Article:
Somatosensory Electrical Stimulation Does Not Improve Motor Coordination in Patients with Unilateral Knee Osteoarthritis
- Journal Article
Rights / licenseCreative Commons Attribution 4.0 International
Non-surgical treatment of knee osteoarthritis (KOA) is often focused on the motor component of KOA even though there is evidence that sensory dysfunctions play an important role in the impaired control of the affected joint. Excitation of sensory afferents can increase motor function by exploiting the nervous system's ability to adapt to changing environments (i.e., neuronal plasticity). Therefore, the aim of this study was to explore the acute effects of a single session (30 min) of sensory intervention targeting neuronal plasticity using low-frequency (10 Hz) somatosensory electrical stimulation (SES) of the femoral nerve. We evaluated the effects of SES on the position and force control of the affected knee and self-reported pain in KOA patients (n = 14) in a sham-controlled randomized trial. The results showed that SES did not improve measures of lower-limb motor coordination compared to sham stimulation in KOA patients, nor did it improve self-reported knee function and pain (all p > 0.05). In conclusion, despite sensory involvement in KOA, the sensory intervention used in the present explorative study did not relieve self-reported pain, which may underlie the absence of an effect on measures of motor coordination. In sum, the present explorative study showed that SES alone does not improve motor coordination in KOA patients. Show more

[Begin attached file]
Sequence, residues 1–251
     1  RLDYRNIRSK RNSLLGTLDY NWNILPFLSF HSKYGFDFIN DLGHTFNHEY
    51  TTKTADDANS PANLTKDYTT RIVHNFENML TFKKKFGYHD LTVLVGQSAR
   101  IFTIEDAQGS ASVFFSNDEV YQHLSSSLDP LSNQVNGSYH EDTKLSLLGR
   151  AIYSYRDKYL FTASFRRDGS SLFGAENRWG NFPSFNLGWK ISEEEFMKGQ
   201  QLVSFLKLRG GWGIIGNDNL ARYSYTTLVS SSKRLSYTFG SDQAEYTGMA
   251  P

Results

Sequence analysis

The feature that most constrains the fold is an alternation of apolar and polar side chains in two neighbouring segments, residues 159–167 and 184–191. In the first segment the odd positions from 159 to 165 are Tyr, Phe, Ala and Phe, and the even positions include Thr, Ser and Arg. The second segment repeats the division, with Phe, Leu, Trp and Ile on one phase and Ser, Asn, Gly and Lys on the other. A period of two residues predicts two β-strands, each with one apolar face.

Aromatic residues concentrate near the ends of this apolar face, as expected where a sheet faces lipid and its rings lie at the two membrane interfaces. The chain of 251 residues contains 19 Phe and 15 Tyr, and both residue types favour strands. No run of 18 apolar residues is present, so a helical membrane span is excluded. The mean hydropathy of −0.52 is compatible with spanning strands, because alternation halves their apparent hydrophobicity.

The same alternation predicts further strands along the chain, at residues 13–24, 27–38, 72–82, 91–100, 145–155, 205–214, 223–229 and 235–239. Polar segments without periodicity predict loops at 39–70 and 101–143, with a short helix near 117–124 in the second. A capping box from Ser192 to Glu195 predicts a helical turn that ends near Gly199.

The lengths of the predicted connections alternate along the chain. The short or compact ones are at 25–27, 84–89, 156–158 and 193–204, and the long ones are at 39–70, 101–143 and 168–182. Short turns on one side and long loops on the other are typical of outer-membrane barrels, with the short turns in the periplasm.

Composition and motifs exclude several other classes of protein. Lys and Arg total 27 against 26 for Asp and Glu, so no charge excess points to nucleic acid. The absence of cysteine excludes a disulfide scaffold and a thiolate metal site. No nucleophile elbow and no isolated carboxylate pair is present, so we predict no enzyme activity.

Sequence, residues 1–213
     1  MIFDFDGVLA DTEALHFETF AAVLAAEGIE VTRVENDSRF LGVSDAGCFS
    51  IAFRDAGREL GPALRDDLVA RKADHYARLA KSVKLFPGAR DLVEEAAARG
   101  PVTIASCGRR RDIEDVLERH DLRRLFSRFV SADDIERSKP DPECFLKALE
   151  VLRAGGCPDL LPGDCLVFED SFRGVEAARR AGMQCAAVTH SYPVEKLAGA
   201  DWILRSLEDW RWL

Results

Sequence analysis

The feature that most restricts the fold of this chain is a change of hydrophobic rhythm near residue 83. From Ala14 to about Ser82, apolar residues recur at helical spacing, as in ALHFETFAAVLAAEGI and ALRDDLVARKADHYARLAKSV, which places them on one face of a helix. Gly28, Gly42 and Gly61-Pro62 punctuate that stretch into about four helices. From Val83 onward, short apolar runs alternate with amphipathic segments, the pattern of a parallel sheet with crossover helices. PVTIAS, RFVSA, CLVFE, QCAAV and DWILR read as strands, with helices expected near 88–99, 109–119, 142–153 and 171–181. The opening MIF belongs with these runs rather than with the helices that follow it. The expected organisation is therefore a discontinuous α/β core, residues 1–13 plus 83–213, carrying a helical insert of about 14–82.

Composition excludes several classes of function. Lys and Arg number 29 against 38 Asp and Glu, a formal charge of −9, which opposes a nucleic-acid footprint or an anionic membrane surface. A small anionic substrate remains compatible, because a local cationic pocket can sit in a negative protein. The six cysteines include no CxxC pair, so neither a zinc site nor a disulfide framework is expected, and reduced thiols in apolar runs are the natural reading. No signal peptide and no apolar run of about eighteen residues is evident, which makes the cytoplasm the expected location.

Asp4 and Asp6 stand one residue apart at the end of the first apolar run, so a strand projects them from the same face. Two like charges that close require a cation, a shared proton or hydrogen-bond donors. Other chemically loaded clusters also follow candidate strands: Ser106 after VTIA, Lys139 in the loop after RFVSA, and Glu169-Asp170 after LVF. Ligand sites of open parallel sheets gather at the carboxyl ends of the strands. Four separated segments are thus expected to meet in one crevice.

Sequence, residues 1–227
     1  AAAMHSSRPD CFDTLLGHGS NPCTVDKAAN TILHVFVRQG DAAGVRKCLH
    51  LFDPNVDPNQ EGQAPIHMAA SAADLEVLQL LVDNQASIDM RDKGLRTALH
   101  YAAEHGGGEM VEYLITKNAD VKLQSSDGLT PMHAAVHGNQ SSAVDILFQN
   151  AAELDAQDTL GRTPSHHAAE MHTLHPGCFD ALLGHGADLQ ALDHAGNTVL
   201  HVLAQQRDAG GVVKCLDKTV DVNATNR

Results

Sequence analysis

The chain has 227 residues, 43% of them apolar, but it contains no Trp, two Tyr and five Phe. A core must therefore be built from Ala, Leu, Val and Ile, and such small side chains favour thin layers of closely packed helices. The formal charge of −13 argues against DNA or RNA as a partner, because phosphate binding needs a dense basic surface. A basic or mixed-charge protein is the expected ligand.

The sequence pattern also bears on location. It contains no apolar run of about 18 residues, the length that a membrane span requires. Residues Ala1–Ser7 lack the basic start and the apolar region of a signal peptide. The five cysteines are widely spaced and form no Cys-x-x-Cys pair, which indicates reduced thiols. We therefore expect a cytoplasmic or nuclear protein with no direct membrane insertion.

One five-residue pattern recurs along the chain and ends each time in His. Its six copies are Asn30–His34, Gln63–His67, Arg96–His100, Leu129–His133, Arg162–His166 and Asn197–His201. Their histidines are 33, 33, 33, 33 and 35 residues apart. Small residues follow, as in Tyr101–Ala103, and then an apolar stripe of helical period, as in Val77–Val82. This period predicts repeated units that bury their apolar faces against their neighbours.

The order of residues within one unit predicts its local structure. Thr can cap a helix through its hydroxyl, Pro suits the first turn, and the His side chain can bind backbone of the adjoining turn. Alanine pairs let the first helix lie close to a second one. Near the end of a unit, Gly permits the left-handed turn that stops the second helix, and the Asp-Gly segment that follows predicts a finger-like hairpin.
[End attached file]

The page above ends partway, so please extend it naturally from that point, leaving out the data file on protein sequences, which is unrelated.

Journal / seriesJournal of Clinical Medicine
Pages / Article No.
SubjectElectrical stimulation; Knee osteoarthritis; Motor control
Organisational unit03994 - Taylor, William R. / Taylor, William R.
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